Finally figuring out personal finances

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Topic Author
jzh
Posts: 6
Joined: Mon Jan 24, 2022 3:03 am

Finally figuring out personal finances

Post by jzh »

After five years of neglecting my finances (aside from basic not having debts/loans and maxing out 401k, ROTH IRA, HSA), I recently decided to sit down and hash out my personal finances. I’ve read a lot over the past few weeks about the topic and am ready to go about to simplify my money. I think I have a good grip on what I need to do, but I’d like to get a double check, and have a few smaller questions I’d like to ask, before I move all my money around.

A bit of a background on where I’m currently at — I quit my job in the middle of last year and am spending about a year to breathe, take care of myself, and travel for a little bit, and I’ll probably start looking for jobs in 6-8 months. I’d like to live abroad for 3-5 years before making any longer term decisions on where I’ll end up (or might just end up not being super tied to a location). For now, I don’t plan on buying a house or any big investments, just keeping some money / kind of using my emergency fund with extra leeway, and I’d like to just put the rest of my money into long term investments. I have a tech background so I’m not super concerned about needing to find a job / make money if I need to.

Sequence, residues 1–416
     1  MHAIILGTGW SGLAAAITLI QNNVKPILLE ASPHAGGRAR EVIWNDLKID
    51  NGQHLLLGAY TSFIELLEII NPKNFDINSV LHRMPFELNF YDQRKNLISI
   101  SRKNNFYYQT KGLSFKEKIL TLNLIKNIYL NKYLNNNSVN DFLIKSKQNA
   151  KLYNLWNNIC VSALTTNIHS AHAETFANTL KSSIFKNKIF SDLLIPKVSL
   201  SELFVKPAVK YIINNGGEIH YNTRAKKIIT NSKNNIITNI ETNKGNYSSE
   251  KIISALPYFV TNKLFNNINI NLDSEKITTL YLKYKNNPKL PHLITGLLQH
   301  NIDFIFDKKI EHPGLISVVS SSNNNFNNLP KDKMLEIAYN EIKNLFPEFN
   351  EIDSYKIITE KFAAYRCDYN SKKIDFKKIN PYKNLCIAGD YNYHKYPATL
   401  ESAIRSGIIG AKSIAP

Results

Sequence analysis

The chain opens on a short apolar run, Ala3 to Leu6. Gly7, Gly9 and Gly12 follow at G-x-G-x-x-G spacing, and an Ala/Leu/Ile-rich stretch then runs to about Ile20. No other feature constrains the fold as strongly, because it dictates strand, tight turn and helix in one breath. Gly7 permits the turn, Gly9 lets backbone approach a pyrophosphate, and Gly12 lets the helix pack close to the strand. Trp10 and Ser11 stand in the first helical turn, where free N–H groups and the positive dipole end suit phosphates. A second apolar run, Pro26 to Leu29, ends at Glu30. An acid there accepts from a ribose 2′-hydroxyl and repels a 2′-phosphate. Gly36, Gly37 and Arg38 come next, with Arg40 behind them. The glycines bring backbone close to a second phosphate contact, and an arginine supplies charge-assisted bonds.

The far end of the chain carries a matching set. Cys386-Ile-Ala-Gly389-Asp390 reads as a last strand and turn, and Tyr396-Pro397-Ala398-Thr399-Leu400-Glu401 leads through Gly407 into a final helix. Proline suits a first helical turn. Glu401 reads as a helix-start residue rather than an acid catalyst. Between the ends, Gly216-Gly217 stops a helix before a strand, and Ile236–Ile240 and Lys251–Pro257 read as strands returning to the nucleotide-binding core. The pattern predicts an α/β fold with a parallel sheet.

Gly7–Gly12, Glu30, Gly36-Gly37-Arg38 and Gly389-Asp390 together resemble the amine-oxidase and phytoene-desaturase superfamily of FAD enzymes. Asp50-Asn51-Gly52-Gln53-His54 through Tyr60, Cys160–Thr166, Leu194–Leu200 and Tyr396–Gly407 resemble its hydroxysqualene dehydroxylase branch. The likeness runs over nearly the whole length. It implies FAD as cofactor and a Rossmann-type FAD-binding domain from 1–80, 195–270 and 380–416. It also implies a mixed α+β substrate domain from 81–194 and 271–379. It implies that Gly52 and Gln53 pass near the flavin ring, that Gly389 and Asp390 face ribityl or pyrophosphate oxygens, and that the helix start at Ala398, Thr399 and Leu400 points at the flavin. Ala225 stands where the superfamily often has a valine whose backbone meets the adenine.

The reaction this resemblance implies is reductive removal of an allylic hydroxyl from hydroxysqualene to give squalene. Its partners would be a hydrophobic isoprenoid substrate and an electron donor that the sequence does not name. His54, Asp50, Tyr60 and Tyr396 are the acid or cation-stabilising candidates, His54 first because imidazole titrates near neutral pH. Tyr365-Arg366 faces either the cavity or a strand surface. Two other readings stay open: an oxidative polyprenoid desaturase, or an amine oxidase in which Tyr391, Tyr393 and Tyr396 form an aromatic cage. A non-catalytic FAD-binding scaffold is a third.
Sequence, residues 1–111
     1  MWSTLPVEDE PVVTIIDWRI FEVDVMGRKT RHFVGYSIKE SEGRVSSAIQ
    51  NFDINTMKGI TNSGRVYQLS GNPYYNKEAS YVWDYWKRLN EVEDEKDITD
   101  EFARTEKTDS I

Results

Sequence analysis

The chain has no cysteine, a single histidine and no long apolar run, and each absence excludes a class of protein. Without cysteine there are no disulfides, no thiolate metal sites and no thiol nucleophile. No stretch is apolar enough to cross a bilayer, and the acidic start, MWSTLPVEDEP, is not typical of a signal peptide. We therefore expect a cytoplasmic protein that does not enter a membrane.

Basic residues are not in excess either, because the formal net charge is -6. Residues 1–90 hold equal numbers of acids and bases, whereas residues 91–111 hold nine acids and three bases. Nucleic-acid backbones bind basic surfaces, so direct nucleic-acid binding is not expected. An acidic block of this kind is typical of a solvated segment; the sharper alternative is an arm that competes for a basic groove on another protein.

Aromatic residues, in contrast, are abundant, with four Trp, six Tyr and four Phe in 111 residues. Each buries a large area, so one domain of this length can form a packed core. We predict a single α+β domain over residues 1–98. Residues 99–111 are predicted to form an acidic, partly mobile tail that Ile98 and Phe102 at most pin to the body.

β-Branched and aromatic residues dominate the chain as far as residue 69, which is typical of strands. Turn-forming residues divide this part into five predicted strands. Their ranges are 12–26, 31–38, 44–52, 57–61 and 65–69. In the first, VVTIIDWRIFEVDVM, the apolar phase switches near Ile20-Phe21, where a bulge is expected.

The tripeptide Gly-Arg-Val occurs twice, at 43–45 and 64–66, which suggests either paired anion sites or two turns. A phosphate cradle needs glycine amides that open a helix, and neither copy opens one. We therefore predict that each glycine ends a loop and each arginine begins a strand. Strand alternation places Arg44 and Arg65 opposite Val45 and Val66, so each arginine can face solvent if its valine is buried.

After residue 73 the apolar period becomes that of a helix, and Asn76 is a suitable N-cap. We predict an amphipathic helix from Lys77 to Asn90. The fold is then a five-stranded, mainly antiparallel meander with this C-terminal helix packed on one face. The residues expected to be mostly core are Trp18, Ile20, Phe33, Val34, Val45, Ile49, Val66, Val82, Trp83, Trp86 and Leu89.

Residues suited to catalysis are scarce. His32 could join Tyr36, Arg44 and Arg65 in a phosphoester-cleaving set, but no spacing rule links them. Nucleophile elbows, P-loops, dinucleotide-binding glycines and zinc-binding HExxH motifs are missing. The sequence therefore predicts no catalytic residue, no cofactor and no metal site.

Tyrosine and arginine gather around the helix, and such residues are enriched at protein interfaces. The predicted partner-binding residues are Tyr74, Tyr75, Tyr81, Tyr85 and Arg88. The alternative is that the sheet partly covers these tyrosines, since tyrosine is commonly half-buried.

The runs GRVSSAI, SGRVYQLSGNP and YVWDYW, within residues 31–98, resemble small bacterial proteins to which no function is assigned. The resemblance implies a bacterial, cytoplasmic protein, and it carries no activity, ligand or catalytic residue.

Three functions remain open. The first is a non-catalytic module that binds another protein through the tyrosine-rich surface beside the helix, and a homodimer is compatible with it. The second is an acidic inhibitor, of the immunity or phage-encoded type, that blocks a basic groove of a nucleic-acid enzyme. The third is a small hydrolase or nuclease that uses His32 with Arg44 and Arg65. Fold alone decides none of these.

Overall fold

Here’s my current situation:

Emergency funds: yes, 12 months worth

Debt: None

Tax Filing Status: Single

Tax Rate: 2021: 24% Federal, 9% State, 2022: 12% Federal, 6% State, potentially more if I get a job?

State of Residence: CA

Age: 26

Desired Asset allocation: 95% stocks / 5% bonds
Desired International allocation: 36% of stocks

Please provide an approximate size of your total portfolio; $500k-600k

Show us your current portfolio including all investment and retirement accounts (yourself and spouse or civil partner, if applicable) as it's important to look at the portfolio as a unified whole rather than look at accounts in isolation. Also include the available funds in your employer provided retirement plans.